As the response to the COVID-19 pandemic restricted in-person activity, medical schools had to invent new ways to educate out of necessity. Some of those innovative methods may have staying power that go well beyond the pandemic, reshaping how tomorrow’s doctors are trained.
“When you face a disruption on the order of this magnitude, it forces you to think about the principles by which we preserve the very essence of our work. We quickly learn that some strategies we assumed were the only way to do things can be changed without damaging the quality of our educational programs,” said Catherine Lucey, MD. She is vice dean for education at the University of California, San Francisco, School of Medicine, one of the 37 member schools of AMA’s Accelerating Change in Medical Education Consortium.
“A lot of changes were put in place to deal with COVID-19 disruption, but it’s also given us a new freedom to experiment with new models of education that may end up being better,” Dr. Lucey said in an interview with the AMA.
Dr. Lucey and co-author S. Claiborne Johnston, MD, PhD, highlighted five potential COVID-19-related changes to medical education that may have staying power in a JAMA Viewpoint essay, “The Transformational Effects of COVID-19 on Medical Education.”
In response to the COVID-19 pandemic, medical schools have created electives giving medical students the chance to engage with the public health response. Learners also served as evidence-based ambassadors for the population at large.
“The pandemic strengthened the partnership between health care delivery systems and public health professionals,” Dr. Lucey said. The outbreak of “the COVID-19 pandemic was acute and dramatic, but it made people reset their idea of what it means to alleviate suffering in our patients and improve the health of our communities.”
“It’s not just doctors operating alone, and it’s not just a cardiologist and a basic science investigator working alone,” she added. “It requires everyone—that means doctors, nurses, public health experts, policy experts, all of those people are required to solve problems.”
Dr. Lucey added that this type of approach could be applied to other public health crises such as the opioid epidemic and the ongoing pandemic of health care disparities.
The pandemic’s onset was a teachable moment for any health professional. In her JAMA Viewpoint essay, Dr. Lucey outlined what that meant for medical students and how it could be adapted going forward.
The pandemic helped cement the shift to “a philosophy of really focusing on the role of the physician in reasoning through ambiguous and unknown problems as the focus of education, rather than teaching students that the role of physician was to memorize a body of knowledge that was already in existence and good enough for what usually happens,” Dr. Lucey said. “That’s a really important philosophic difference. The first approach really creates physician problem-solvers who are capable of addressing both enduring and emerging threats to health.”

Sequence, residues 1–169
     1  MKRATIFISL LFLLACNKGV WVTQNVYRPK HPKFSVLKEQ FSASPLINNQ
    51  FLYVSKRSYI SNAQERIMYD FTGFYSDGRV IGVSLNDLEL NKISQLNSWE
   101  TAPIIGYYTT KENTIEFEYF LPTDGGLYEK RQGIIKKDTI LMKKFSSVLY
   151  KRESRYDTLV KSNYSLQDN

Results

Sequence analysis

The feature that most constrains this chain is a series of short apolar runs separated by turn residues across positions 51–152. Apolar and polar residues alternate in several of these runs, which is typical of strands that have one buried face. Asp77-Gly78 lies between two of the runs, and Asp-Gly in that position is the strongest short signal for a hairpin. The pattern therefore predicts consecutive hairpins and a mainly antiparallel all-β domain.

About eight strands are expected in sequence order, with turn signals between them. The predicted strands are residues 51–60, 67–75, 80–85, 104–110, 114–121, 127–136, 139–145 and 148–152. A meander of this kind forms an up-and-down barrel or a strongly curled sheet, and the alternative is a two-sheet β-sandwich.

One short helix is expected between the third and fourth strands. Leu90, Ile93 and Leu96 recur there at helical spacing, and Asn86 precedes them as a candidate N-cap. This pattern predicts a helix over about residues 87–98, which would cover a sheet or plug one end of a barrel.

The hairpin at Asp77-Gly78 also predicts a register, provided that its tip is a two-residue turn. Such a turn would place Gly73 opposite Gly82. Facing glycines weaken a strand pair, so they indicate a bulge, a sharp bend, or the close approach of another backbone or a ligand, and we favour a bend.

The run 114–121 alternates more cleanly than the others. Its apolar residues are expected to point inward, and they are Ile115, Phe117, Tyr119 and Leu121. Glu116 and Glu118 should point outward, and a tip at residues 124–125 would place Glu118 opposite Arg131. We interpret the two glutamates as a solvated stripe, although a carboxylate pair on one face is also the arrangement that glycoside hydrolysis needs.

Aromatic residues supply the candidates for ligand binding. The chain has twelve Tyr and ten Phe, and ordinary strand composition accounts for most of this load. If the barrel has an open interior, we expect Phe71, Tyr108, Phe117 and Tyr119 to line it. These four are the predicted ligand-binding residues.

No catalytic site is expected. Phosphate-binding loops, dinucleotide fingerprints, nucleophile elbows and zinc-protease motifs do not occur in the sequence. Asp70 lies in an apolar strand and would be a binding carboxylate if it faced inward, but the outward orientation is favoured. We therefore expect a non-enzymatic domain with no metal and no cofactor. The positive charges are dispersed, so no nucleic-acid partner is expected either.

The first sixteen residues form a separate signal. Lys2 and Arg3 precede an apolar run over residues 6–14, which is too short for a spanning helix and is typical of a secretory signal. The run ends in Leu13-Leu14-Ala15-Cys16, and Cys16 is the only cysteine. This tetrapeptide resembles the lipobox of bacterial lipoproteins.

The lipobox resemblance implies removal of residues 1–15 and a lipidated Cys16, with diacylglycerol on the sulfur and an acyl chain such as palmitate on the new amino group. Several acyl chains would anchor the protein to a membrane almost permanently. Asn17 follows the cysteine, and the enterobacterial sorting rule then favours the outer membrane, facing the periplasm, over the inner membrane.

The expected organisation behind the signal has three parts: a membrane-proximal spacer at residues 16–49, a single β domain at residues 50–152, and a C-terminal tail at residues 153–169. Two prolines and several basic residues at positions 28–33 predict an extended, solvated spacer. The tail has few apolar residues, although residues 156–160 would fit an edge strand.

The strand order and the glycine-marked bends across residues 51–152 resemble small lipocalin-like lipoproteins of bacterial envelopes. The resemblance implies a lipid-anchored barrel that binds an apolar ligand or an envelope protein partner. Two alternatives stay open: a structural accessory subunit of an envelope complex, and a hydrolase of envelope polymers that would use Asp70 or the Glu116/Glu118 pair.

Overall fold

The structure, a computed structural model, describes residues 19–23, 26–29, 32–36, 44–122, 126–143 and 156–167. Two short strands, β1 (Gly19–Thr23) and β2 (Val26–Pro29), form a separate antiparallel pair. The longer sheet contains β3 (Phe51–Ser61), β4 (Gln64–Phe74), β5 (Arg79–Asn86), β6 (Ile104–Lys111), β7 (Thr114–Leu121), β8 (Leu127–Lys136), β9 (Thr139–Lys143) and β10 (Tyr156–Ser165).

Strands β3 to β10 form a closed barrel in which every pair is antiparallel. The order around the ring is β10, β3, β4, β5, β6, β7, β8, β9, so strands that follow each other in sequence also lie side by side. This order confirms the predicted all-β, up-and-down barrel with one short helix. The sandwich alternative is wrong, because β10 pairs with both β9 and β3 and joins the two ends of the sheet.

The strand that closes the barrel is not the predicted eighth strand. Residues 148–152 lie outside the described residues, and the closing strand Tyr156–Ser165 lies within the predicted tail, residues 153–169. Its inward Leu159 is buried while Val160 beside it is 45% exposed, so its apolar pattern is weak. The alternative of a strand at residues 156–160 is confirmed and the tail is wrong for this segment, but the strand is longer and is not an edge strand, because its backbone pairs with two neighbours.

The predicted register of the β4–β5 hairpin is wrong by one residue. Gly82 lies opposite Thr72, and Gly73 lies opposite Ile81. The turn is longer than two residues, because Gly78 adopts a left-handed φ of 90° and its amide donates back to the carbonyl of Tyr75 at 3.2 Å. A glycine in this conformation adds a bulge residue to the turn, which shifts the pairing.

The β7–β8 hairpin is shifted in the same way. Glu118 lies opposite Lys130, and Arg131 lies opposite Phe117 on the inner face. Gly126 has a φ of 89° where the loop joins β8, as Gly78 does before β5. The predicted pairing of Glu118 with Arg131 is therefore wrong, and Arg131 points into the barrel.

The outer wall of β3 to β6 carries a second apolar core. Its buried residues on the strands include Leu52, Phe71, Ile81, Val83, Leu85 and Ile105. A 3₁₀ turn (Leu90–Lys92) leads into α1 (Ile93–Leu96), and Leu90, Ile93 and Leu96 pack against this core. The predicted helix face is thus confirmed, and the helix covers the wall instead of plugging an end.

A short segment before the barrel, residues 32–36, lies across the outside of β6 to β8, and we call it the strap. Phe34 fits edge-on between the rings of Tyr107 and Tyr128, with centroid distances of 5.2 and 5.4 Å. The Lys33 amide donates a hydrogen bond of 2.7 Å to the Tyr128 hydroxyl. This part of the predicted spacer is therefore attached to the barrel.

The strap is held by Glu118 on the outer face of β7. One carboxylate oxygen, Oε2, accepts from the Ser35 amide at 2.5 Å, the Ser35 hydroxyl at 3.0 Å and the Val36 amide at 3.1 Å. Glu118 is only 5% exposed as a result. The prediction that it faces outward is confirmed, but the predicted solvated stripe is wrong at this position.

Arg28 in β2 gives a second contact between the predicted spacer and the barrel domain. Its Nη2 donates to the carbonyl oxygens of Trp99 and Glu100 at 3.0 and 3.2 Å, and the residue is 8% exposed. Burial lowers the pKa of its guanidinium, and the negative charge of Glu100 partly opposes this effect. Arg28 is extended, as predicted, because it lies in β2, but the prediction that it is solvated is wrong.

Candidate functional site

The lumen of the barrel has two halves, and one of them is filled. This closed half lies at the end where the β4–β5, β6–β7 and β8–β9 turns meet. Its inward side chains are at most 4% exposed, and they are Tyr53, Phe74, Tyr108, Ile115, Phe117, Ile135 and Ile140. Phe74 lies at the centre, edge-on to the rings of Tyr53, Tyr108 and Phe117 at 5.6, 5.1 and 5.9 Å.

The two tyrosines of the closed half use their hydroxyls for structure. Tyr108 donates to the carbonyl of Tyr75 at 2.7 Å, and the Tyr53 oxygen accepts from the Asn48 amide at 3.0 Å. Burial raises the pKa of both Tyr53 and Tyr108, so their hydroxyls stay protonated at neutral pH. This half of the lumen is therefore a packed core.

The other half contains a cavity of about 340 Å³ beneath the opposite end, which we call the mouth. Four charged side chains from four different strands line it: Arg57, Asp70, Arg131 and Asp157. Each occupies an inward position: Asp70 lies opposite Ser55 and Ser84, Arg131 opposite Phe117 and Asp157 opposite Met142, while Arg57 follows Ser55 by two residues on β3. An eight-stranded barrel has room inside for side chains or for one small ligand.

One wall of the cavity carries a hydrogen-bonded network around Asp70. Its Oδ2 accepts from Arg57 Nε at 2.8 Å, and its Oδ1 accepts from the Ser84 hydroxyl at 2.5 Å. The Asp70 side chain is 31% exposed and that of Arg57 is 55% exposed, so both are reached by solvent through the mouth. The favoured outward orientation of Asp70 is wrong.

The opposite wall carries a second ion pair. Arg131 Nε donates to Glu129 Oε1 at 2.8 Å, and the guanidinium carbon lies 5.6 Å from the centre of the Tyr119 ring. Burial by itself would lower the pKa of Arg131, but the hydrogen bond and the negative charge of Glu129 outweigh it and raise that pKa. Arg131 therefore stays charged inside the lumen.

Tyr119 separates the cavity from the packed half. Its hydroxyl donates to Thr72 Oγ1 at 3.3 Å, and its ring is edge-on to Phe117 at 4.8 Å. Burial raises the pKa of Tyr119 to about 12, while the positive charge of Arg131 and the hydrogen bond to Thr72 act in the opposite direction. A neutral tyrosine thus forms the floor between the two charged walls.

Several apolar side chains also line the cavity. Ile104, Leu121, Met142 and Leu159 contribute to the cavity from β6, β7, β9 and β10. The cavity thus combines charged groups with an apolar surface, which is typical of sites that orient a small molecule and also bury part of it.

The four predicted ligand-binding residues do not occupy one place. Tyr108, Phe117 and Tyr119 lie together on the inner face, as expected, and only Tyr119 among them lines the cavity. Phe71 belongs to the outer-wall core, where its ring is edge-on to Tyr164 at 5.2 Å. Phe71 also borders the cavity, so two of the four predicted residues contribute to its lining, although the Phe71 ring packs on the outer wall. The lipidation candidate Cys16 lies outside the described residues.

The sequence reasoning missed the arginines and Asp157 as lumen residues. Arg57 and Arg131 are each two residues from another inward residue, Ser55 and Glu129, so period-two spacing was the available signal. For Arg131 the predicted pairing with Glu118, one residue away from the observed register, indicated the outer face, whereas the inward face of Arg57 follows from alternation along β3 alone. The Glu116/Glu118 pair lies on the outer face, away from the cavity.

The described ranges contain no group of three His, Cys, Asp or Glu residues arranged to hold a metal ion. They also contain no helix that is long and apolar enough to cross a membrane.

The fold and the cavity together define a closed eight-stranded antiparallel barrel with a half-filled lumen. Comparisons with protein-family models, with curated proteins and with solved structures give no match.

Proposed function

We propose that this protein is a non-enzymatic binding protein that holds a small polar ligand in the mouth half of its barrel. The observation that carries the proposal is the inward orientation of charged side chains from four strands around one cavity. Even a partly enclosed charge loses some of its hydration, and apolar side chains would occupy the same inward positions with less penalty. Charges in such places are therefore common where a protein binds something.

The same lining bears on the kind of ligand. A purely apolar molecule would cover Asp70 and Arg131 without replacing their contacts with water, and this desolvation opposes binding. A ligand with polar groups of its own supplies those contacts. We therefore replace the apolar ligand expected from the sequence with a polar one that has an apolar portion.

When the physician workforce proved to be overwhelmed in certain hot spots, states called on medical schools to graduate their fourth-year students months early to help bolster the response. The measures required navigating somewhat cumbersome red tape but demonstrated that move could be an option in the future.
“The pandemic showed us an example of why we need to think about early graduation for our students, and it showed us all the hurdles we will need to jump over to do it,” Dr. Lucey said. “It’s a shock to the system that asks the question: if we are willing to attest that our students are competent to graduate early in the pandemic, could we not also do so as a matter of usual practice?”
The pandemic caused the cancellation of most away or visiting rotations. That could create a more level playing field going forward, since not all students can access such experiences.
“The opportunity to go around the country and do audition rotations is a clear legacy practice,” Dr. Lucey said. “When you talk with people about it, it’s not clear who it benefits the most. Does it benefit the students or the programs?”
In spite of the absence of away rotations, “I don’t believe that programs will see a big difference in the quality of that they recruit and match into their programs,” Dr. Lucey said. “As such, it is possible that we will be rethinking whether these rotations should be restarted next season.”
Get four expert tips on how 2021 residency applicants can succeed with video interviews.
Medical schools were proactive in communicating expectations and restrictions with students. Going forward, Dr. Lucey envisions a more dedicated approach to student outreach during turbulence. She pointed to the civil unrest surrounding police brutality that took place on the heels of the pandemic as a potential example of a time in which that new approach had paid off in medical education.
“It created another really existential disruption to the way many of our learners were approaching their education,” Lucey said. “Our faculty of color and students of color, and the allies that work with them, were really shaken to the bone by this vivid reminder of the elements of structural racism that exist within our communities. In situations like this, leaders of educational programs need to be facile with crisis communication strategies that support all stakeholders during these crises.”
Consider how to support diverse learners during disruption.
The AMA has curated a selection of resources to assist residents, medical students and faculty during the COVID-19 pandemic to help manage the shifting timelines, cancellations and adjustments to testing, rotations and other events at this time.